I arrived home from running errands and noticed the small box on the porch step near the front door. I actually said out loud, “It’s about time!” The package was supposed to have arrived several weeks earlier, according to the premiums fulfillment company.
I had been part of a very long-running consumer survey that awarded points for every survey turned in on time. When redeeming my award points, I chose a new point and shoot camera. After submitting my choice, the website said to allow two to three weeks for delivery. That’s why I was so happy to see the box when it finally arrived more than a month later.
A silly quote from Oscar Wilde came to mind as I sat down this morning to write today’s post. “I never put off till tomorrow what I can possibly do… the day after.” I wonder if this motto appears in the hallways of premium redemption centers.
In this day and age of instant gratification, just about any minor delay elicits the response, “It’s about time!” Is a delay legitimate or does it come about by somebody’s habit of procrastination?
It wasn’t that many years ago that I had dial-up Internet service at home. I finally got tired of some web pages taking a minute or longer to load. Then I decided to get broadband service. When I informed my friend Jorge, he reflexively said, “It’s about time!” We both had a good laugh about his comment.
We think or say, “It’s about time” without giving it much thought. It’s like when someone sneezes, and we say “Gesundheit” or “bless you”.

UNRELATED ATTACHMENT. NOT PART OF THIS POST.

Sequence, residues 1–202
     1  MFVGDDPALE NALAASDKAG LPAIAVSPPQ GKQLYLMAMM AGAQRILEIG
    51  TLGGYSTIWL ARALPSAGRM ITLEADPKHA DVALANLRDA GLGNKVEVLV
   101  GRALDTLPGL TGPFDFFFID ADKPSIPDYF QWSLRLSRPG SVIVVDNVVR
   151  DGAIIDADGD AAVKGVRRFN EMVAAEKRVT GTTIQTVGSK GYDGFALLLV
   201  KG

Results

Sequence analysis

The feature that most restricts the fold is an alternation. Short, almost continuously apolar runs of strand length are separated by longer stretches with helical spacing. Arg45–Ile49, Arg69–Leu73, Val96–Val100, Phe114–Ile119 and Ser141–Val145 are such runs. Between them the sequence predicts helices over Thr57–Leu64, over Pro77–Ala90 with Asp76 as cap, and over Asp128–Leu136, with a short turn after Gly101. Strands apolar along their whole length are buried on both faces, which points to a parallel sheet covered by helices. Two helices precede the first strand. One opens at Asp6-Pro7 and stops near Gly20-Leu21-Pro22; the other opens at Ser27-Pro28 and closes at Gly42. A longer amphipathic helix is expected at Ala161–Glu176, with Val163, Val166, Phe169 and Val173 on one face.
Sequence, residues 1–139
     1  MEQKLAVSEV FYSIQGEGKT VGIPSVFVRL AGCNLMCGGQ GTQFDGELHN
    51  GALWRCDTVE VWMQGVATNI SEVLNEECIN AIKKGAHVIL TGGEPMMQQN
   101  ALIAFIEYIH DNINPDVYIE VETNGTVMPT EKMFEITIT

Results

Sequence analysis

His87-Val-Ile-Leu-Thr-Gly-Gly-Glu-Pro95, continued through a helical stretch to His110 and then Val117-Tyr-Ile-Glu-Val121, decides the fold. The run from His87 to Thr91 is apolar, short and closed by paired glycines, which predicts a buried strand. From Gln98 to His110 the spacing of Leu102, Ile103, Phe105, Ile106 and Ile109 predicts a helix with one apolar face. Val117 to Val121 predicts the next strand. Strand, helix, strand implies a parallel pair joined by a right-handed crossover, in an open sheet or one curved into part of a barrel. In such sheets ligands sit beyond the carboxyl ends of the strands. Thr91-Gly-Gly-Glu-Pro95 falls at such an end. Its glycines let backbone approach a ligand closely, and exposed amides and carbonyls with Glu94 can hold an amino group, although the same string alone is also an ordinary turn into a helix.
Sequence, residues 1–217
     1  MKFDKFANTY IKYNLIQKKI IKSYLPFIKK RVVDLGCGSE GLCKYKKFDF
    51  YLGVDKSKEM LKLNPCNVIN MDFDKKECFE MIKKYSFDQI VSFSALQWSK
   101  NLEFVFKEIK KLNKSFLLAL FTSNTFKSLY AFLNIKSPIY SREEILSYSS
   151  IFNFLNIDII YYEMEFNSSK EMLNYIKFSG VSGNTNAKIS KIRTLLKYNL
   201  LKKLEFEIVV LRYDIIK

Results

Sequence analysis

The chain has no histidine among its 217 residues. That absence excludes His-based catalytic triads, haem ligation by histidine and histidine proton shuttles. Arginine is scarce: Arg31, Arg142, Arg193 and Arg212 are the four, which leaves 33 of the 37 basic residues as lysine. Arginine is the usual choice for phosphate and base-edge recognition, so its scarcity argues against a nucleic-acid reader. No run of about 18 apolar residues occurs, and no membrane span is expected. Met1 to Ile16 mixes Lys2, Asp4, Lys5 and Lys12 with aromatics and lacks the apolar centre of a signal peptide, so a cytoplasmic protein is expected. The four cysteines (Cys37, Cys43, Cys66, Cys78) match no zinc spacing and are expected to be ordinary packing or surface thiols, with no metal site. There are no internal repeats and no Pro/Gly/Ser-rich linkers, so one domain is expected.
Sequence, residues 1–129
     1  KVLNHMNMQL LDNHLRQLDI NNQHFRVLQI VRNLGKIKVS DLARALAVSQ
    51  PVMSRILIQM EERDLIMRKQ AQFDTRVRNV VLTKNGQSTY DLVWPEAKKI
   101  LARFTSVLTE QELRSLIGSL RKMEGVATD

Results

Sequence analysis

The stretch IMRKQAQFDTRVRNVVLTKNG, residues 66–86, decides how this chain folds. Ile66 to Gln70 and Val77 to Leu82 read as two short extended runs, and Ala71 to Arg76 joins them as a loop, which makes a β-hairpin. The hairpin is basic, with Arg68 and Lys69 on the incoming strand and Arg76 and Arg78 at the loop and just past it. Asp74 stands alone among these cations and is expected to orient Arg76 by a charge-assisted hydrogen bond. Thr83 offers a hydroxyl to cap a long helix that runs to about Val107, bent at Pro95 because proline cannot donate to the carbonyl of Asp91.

The idiom is a healthy way of expressing our exasperation and frustration while waiting for something that has been long delayed. It’s a familiar refrain at airports and restaurants.
If we take a mindful moment before saying “It’s about time”, we might use the delay as a way of practicing patience. Take a phrase from Leo Tolstoy, “The strongest of all warriers are these two–time and patience.” In our day to day lives, it often seems that there is not enough time to do everything that needs to be done. This leads to feelings of being squeezed for time and becoming stressed. It might also be a signal to think about time management. How can we adjust our routines to minimize time-related stress and emphasize patience?
We might think of life not as a series of tasks and deadlines, but instead, as an art. A great work of art takes time and patience. Great art is not hurried yet the artist does not procrastinate in creating it. Great art comes about in its own time. If you want to say, “It’s about time” less often, just give yourself the gift of patience.
The world goes about its ways on its own schedule. Individually, we have little influence about many outcomes. What we can influence, we should do so as soon as is practical, not until later.
That said, I have a couple of tasks that I’ve put off until the end of the year. Well, the end of the year is near. It’s about time for me to finish them.